Bank Collapses & Good Investments
In 1983, John Scully was the President of Pepsi. He had poured his life into that company and built it into one of America’s most iconic brands. By all accounts, he was on top of the world. But, in 1983, his life would dramatically change with a few simple words. Insert Steve Jobs.
Steve Jobs was the genius upstart entrepreneur who founded Apple. He had a brand new company and visionary ideas. But, he was untested, unproven, and frankly a little unstable. Yet, in 1983, he delivered one of the most incredible sales pitches ever recorded. When courting John Scully to leave Pepsi and come to Apple, this is what Jobs said:
John, do you want to sell sugar water for the rest of your life, or do you want to come with me and change the world?
That proposal pushed Scully over the edge. At that moment, John Scully left everything he had built to follow Jobs and change the world.
I appreciate this story because it perfectly articulates how frivolous it would be to build a life on sugar water. But I also don’t like this story because Steve’s alternative is no better. To build a life on gadgets and tech would be just as meaningless as an empire of liquid sugar. It most certainly has been.
Most recently, this has become all the more clear. Tech stocks are plummeting, tech-friendly banks are going insolvent, and the entire industry is gearing up for a massive recession. If that were not enough, Big Tech hasn’t delivered on any of its promises.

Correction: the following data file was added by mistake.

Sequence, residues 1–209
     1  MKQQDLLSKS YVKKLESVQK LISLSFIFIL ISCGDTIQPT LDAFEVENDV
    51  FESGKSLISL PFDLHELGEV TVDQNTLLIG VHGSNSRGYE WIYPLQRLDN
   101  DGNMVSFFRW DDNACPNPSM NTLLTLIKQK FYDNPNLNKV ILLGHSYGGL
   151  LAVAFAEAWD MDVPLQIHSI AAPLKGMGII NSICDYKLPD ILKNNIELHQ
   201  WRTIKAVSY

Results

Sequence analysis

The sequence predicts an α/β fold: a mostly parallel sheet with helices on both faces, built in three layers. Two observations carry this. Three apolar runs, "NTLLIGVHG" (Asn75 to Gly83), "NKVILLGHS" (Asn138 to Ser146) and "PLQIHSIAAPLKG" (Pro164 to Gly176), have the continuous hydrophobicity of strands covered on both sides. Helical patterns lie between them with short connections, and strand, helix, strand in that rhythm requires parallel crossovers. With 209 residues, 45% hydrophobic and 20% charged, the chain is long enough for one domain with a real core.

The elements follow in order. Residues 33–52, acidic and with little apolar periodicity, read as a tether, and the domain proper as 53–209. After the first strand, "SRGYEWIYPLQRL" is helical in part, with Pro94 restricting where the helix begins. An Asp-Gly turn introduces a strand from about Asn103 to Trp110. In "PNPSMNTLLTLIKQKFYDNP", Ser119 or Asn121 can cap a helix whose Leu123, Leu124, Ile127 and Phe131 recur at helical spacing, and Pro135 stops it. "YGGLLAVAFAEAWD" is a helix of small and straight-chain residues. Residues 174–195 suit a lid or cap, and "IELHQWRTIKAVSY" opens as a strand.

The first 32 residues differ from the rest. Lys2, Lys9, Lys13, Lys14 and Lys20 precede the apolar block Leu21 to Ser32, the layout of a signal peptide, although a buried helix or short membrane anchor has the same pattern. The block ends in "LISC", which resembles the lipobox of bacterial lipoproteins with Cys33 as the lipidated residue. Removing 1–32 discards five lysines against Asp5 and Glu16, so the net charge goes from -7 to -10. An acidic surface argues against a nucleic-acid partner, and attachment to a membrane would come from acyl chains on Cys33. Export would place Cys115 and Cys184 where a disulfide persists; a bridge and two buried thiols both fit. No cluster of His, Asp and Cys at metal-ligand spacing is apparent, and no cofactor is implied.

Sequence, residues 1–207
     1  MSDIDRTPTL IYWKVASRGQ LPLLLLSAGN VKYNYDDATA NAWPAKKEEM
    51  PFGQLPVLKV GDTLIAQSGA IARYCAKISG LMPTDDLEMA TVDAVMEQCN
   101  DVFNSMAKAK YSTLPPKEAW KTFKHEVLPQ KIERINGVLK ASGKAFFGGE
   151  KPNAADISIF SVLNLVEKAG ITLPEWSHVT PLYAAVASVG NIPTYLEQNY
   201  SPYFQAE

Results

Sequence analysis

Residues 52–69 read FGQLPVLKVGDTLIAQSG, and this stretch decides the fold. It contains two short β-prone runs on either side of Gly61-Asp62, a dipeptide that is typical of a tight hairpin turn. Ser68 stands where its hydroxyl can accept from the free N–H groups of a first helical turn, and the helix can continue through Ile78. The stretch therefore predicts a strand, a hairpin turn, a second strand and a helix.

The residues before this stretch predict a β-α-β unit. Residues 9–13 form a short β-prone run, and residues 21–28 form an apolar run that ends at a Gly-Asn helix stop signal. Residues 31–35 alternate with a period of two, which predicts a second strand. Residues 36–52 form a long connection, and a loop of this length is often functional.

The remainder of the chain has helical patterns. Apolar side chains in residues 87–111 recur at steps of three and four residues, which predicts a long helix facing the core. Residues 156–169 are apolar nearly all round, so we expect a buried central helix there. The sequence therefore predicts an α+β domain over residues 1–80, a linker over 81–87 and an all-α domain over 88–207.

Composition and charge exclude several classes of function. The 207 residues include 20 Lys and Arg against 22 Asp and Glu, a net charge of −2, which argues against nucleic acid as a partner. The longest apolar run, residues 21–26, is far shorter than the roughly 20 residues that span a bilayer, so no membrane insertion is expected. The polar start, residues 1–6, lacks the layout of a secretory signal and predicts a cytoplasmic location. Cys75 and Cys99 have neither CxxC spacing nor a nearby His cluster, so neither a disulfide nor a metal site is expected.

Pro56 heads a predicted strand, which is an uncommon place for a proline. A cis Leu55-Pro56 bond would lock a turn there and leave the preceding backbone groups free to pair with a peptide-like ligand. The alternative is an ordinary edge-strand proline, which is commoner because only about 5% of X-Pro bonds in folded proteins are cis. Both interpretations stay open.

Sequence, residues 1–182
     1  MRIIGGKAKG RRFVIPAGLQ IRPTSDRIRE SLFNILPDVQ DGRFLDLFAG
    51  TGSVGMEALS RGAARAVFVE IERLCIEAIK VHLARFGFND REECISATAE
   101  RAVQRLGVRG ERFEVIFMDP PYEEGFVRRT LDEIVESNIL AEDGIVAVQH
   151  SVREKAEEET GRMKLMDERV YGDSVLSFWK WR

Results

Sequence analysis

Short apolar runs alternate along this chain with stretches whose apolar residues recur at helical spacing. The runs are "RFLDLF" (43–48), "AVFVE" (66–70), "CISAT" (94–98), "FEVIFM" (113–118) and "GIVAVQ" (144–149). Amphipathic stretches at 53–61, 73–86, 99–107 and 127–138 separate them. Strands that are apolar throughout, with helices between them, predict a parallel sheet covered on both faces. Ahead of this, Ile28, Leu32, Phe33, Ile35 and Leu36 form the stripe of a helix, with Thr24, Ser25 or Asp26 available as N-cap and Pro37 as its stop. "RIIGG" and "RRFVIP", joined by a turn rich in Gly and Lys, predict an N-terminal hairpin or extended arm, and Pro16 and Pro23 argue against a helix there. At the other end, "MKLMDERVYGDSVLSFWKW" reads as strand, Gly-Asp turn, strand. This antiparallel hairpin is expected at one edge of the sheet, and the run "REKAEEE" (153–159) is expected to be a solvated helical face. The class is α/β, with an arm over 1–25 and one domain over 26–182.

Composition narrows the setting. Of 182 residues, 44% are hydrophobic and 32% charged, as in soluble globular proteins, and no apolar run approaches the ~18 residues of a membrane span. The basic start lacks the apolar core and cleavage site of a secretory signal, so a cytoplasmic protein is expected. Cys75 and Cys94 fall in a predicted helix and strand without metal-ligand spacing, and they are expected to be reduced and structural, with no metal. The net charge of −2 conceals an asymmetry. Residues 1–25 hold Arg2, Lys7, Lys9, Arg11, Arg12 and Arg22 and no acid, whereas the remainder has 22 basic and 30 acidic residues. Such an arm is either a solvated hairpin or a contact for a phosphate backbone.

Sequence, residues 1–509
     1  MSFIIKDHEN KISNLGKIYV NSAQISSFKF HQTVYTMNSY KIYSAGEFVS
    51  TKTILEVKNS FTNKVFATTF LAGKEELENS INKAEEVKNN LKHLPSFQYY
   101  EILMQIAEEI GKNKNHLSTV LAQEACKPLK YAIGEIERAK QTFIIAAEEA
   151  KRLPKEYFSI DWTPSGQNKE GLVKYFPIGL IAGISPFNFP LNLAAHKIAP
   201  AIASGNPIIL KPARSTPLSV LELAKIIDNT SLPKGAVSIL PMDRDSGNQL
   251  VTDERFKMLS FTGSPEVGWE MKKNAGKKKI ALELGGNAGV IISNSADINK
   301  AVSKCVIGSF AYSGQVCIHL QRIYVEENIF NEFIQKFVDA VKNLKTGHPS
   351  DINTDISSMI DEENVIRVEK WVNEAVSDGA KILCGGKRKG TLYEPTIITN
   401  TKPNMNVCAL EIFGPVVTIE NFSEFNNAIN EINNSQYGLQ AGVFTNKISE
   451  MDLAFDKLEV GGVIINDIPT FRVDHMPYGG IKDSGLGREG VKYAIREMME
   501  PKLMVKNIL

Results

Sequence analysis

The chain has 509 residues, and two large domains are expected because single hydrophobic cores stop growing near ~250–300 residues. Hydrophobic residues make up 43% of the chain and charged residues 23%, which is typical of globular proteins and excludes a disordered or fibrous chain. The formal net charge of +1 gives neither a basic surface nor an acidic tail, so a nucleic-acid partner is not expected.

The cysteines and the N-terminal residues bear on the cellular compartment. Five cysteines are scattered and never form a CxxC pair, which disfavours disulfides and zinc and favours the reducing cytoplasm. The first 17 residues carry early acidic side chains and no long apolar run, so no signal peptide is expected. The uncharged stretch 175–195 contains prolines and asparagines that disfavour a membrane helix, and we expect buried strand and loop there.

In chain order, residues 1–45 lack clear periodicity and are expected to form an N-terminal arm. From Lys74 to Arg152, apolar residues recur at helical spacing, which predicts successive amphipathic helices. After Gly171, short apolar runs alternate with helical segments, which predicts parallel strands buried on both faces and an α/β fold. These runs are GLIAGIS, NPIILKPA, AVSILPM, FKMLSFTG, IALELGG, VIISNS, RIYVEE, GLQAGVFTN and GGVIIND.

Case in point, Facebook’s mission statement is: “to give people the power to build community and to bring the world closer together.” That sounds great, except that it hasn’t. Instead, in the Twitter, Instagram, Facebook, and TikTok world, people have become more divided, isolated, and less able to have meaningful dialog, conflict, or relationships than ever.
All you have to do is look at the world around us, and you can see it. No one seems happy. People are polarized and angry at one another. Activism is fracturing people into increasingly smaller and smaller victim classes. Law and order is eroding, and the fabric of our society is unraveling as we speak. We are no better in the Steve Jobs era than we were in the Pepsi era. Any person who is being objective can see this.
With that, it is time for a new pitch.
If you want to change the world, limit investing in the limited and maximize your investment in the infinite. How do we do that? First, invest in a faithful church. Invest in a community that believes the Gospel and preaches it as their lives depend on it. Invest in a church that understands the disease of sin and liberally offers Christ as the only cure. Invest in a church that does not bend its knee to the world and woke culture but stands on God’s eternal and immutable truth!
How can you invest in this? I offer you three ways and one reminder.
Invest Your Time
One of the best ways to change the world is to get married, have lots of children, raise them up in the fear and admonition of the Lord, and teach them to invest their time in a local and faithful church. To fight to be there when the doors open and to value participation in the community. To help that church accomplish its mission. Listen intently to the sermon and walk away chewing on the truth of the Gospel throughout the week.
It involves teaching them to be present and active in the community and to give their lives for the very thing Jesus died for; His bride. It also involves teaching them how to go to work to the glory of God, how not to place their hope in their career, and how to build Jesus’ Kingdom through God-glorifying labor in their vocation (1 Cor. 10:31).
Paul says in Colossians 3:23: